China's economic growth was a robust 8.1 percent* in 2021. For 2022, various experts still expect between four and 5.5 percent. Nevertheless, the optimism of the companies is decreasing, says Glunz. “There are still chances. But if you take a closer look, the outlook becomes less positive in all segments.” In other words, the respondents have seen fewer opportunities for their company since 2019. A few examples: In the current survey, 51 percent see opportunities in growing consumption on the domestic market. Two years ago, more than two thirds still believed in it. 42 percent see opportunities in participating in Chinese innovation — compared to 61 percent two years ago.

Only 39 percent believed in growing demand for foreign brands as an opportunity, compared to 65 percent two years ago.

"This is the strongest decline," says Glunz.

There has been a trend towards buying local brands.

Fashion trends tend to come from Japan or South Korea these days.

In fact, the consumer market has therefore become more difficult for Western companies.

At the same time, the mood is currently very quickly directed against foreign brands when they position themselves against human rights violations such as in Xinjiang, mark Taiwan as a state on maps or depict the “wrong” models.

China's market: challenges for German companies are increasing

However, the challenges are increasing. This applies to the political and regulatory environment as well as to very practical issues. The current energy shortage and the real estate crisis surrounding the struggling Evergrande group are also putting pressure on the economic mood.

However, China's strict corona travel restrictions are still among the three most frequently mentioned operational problems for companies (42 percent). Since there are hardly any flights between Germany and China, and the People's Republic still hardly issues entry visas, companies have difficulties bringing employees and their families into the country. Installers who install sold systems at the customer's site are also not allowed in. Business trips by German managers to headquarters in Germany make little sense due to the three-week quarantine on the return trip. "The reduced connectivity between our two regions since the beginning of the corona pandemic is a serious concern for all of us," warned Frank Rückert, the envoy of the German Embassy in Beijing, on the occasion of the presentation of the chamber survey.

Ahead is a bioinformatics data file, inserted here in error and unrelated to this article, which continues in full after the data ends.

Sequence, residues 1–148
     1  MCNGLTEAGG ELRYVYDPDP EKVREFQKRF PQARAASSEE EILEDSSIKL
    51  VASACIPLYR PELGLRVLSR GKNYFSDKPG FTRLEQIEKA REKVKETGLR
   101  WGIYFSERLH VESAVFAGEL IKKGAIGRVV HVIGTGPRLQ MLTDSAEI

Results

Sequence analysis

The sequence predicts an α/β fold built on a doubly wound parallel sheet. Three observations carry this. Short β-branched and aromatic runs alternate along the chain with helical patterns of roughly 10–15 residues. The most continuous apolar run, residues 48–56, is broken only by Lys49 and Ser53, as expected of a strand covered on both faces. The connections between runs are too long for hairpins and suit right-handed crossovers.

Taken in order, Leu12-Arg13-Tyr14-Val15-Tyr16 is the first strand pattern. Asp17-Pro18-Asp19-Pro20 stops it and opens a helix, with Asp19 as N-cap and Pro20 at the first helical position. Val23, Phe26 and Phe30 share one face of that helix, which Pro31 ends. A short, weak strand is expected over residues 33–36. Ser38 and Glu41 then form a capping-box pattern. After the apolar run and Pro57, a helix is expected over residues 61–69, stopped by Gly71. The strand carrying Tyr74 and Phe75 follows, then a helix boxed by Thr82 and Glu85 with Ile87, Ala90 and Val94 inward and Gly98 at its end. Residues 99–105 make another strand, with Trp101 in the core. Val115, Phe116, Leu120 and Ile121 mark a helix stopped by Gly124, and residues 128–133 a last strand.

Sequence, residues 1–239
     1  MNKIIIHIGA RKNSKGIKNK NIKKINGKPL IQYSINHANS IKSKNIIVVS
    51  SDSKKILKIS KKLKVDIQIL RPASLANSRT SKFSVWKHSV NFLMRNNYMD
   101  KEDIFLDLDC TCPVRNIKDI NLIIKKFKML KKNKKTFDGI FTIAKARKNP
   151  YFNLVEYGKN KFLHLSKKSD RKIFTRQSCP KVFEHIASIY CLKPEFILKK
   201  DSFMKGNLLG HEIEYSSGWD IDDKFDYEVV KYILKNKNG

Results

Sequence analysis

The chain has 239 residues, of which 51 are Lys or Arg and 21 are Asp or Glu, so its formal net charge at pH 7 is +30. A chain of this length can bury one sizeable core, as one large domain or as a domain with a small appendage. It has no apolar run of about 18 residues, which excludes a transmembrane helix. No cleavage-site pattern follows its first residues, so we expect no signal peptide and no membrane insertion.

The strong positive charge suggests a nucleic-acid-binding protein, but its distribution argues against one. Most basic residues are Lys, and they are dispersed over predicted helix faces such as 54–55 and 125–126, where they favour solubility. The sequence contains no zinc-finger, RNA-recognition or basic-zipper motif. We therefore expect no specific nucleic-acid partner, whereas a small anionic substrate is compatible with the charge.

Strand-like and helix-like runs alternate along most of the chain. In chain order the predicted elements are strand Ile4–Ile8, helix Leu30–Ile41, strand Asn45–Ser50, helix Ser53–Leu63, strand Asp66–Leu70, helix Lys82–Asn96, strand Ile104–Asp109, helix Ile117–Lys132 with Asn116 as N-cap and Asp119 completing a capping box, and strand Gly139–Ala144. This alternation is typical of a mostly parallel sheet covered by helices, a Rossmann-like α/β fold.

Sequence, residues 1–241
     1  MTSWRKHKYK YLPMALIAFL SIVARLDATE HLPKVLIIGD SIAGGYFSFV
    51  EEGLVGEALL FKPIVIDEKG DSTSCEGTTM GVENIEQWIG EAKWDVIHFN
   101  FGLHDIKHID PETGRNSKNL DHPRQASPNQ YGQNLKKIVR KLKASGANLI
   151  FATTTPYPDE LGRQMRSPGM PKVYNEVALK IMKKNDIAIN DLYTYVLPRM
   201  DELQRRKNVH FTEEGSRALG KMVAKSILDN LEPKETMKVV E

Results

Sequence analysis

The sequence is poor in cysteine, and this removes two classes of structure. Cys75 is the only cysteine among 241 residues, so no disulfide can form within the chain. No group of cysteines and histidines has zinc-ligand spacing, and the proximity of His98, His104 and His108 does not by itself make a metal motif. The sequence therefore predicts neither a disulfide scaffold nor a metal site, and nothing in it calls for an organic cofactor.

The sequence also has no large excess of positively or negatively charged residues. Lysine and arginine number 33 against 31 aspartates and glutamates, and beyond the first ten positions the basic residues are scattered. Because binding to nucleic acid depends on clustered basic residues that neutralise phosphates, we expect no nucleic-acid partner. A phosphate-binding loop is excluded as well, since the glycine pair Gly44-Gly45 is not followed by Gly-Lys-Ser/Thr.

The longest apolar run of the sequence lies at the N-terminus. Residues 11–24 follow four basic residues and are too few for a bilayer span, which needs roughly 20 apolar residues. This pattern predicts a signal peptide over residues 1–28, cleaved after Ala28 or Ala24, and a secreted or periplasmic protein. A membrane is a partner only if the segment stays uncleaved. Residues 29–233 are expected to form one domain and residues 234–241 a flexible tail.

German companies are also concerned about the omicron variant* of the corona virus, which was first detected in Chinese cities last week. "Omicron could lead to massive lockdowns in the future, which would have consequences for German companies," said Glunz. Supply chains could be interrupted, factories paralyzed. According to Clas Neumann, President of the AHK in Shanghai, this has not been the case so far. While China only records 150-200 cases a day, it still adheres to its strict zero-Covid policy.

Even more frequently than the travel restrictions, the companies only named finding and retaining employees and rising wages in China (49 percent each) as challenges.

It is striking that all of these issues are directly related to Human Resources.

According to Glunz, companies are already feeling the effects of the gradual aging of society.